The priority today and tomorrow is to get ready for the big switchover from hand-edited Contra entries (something I’ve been doing for over ten years!) to WordPress. I did some testing of a free blog editor called Zoundry Raven while I was in Chicago, and it worked well enough for me to want to give it a shot in “production mode.” This post is being edited in Raven, and if everything works correctly, it will post the same text and associated images to both LiveJournal and WordPress with one click and without a lot of screwing around. The images were an issue on my test post for December 23, and they may still be, but I’m running out of time to troubleshoot them this year, and I may have to fix’n’figger along the way if Glitch Happens. (And doesn’t it always?)

The new URL for the WordPress-based Contra will be, in case you haven’t seen that yet. Come Friday, there will be no new posts on, though links to all ten years’ worth of archives will still be there, at least until I get them moved to the new domain. How far back I move the hand-edited archives into WordPress depends heavily on how much work it ends up being, and that remains an open issue.

The Real Problem With Big 3 Bankruptcy

I’ve been very puzzled by Big Media’s consensus that we simply can’t allow the Big Three to file for bankruptcy. I guess too many people think that “bankruptcy” means sending everybody home, closing the doors forever, and selling off the machines for ten cents on the dollar. There are, of course, forms of bankruptcy that work that way, but that’s not what anybody’s talking about. Chapter 11 bankruptcy is about reorganization with an eye toward continued operation. The reorganized company is forgiven some of its debts and is given more flexibility to remake itself as a profitable operation. That’s what all three of our automakers should be doing, and should have been working in that direction for some time. But GM’s board says that bankruptcy is not an option.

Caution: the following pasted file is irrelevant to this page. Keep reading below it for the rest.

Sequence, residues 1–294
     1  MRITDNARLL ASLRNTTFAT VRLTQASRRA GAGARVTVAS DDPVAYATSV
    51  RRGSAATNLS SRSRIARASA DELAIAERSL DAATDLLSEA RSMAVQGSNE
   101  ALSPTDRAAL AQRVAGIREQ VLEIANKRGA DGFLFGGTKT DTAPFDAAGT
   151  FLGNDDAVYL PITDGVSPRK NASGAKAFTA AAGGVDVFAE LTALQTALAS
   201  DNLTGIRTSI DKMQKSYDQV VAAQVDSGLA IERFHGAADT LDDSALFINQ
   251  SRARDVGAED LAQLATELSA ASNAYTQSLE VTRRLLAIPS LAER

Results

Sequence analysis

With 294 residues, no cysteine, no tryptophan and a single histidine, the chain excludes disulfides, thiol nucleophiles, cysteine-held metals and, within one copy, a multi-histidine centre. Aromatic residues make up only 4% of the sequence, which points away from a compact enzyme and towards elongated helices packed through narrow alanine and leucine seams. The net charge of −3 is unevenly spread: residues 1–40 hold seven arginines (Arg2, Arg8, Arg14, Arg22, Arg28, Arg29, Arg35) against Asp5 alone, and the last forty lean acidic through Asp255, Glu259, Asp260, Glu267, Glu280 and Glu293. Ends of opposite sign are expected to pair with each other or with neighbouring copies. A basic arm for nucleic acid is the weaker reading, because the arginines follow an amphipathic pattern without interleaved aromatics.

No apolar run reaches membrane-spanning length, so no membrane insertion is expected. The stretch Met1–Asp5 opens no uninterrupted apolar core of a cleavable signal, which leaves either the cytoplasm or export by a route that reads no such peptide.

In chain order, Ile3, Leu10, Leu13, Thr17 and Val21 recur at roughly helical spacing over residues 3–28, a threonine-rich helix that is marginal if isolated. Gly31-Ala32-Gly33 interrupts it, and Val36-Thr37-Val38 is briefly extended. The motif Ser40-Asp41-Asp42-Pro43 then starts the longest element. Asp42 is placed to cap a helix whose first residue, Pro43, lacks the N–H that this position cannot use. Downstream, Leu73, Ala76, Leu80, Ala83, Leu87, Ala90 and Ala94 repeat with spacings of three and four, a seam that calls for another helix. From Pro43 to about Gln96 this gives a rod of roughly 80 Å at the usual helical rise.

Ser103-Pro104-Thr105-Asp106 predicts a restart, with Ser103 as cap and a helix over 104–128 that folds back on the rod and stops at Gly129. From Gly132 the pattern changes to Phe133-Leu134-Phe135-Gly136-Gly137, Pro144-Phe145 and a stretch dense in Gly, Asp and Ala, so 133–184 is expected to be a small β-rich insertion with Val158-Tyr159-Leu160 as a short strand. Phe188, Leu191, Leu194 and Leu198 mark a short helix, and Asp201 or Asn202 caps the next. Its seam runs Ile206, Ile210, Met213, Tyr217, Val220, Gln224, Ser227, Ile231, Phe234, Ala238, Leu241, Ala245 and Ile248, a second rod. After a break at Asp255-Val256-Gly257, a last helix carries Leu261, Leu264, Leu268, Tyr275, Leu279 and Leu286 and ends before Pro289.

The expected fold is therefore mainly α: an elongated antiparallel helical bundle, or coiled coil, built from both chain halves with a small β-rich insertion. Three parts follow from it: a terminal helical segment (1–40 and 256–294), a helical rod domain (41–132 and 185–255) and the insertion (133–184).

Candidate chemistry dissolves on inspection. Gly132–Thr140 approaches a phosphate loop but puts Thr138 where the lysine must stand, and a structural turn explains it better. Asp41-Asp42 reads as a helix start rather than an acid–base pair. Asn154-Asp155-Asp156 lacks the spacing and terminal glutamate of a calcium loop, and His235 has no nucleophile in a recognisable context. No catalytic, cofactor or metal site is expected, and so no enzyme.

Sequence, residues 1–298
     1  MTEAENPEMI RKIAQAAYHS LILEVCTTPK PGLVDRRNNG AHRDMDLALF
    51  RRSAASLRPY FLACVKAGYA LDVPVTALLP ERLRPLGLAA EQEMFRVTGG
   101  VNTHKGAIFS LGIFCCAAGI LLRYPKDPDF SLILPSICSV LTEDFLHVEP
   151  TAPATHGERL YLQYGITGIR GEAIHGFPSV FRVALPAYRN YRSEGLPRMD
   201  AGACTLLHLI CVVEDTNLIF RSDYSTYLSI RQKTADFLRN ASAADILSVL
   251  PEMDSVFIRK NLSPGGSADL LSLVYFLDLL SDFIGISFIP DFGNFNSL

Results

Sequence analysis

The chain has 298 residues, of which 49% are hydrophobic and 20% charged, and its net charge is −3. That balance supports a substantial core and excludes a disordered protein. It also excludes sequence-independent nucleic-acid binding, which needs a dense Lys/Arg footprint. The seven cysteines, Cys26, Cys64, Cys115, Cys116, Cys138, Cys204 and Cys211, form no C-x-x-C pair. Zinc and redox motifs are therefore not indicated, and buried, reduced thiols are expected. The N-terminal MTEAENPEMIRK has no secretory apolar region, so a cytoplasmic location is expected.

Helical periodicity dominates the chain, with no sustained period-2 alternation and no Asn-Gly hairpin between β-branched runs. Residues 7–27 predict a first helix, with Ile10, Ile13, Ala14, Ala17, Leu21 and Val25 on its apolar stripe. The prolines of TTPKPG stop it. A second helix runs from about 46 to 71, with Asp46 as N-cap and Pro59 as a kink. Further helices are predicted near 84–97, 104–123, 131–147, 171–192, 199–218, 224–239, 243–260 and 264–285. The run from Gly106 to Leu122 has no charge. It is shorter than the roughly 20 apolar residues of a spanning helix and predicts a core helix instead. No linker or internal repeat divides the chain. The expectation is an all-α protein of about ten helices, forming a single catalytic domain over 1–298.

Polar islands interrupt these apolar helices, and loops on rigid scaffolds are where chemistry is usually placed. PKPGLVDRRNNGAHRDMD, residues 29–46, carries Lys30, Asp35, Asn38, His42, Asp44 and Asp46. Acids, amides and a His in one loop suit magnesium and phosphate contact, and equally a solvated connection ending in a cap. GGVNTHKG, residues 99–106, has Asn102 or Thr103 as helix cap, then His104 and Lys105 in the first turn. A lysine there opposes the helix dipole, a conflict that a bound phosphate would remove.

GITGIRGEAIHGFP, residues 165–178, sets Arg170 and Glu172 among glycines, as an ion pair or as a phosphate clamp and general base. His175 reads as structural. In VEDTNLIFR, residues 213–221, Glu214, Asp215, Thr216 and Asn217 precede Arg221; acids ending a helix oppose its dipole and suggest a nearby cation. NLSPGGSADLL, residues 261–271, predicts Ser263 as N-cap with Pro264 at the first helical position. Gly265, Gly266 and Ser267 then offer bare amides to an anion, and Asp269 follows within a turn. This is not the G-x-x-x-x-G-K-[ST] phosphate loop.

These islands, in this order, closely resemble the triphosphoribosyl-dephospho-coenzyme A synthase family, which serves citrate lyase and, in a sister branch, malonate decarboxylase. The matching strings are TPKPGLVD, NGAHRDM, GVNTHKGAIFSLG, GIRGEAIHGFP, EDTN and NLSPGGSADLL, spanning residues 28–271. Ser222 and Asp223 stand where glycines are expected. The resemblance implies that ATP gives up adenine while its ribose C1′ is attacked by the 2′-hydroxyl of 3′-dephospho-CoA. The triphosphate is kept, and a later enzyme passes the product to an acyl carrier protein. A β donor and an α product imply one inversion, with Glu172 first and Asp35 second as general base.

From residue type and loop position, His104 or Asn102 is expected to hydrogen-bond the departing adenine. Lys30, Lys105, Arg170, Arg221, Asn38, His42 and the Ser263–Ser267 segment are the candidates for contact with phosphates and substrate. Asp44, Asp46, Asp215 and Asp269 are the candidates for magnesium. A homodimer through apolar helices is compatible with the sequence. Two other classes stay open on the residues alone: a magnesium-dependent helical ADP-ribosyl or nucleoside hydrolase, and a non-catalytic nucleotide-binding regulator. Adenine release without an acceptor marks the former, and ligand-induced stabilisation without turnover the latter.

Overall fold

In cruising online articles, I find it peculiar that no one is raising an interesting possibility: Bankruptcy for the Big Three means an end to the UAW as we know it—and the Big Three can no longer operate their plants without the UAW’s help. Chapter 11 would basically allow a judge to tear up an automaker’s union contracts, allowing the firm to cut salaries, lay off as many people as it wants to without union consultation, and nullify work rules. It basically turns a union shop into a union-less shop (not a non-union shop, but a shop in which the union exists without any power) and the unique problem with that is that without UAW cooperation, it’s unclear whether GM, Ford, or Chrysler management know enough about their own SOPs to make the plants work. The UAW, seeing its own inevitable death (or at least irrelevancy) would have no strong motivation to work with reorganized automakers. Whether or not the rank and file would want to keep working, the UAW could shut the American portion of the industry down, in a strike not so much against management as against American society. It would be a weird twist on the goofy Ayn Randian idea of creative people withdrawing from society to punish society for not “appreciating” their self-defined importance. “Give us billions of dollars annually forever or you won’t be able to buy Chevies anymore!” Uhhh, no. It won’t work for the Objectivists, and it won’t work for the UAW.